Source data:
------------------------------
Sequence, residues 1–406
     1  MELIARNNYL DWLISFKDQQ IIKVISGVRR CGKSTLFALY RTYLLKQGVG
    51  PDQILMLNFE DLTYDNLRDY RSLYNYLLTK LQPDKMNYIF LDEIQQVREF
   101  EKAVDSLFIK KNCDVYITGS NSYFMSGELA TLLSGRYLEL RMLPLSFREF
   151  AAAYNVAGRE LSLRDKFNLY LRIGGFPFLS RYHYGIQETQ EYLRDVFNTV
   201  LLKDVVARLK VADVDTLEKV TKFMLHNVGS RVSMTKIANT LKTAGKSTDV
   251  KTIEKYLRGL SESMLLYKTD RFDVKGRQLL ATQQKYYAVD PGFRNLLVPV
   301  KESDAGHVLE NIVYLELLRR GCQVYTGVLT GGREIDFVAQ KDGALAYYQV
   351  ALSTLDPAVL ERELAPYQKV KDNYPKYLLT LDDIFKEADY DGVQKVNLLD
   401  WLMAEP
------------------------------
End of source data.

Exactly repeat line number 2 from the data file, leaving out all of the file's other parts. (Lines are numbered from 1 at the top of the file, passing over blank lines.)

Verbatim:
     1  MELIARNNYL DWLISFKDQQ IIKVISGVRR CGKSTLFALY RTYLLKQGVG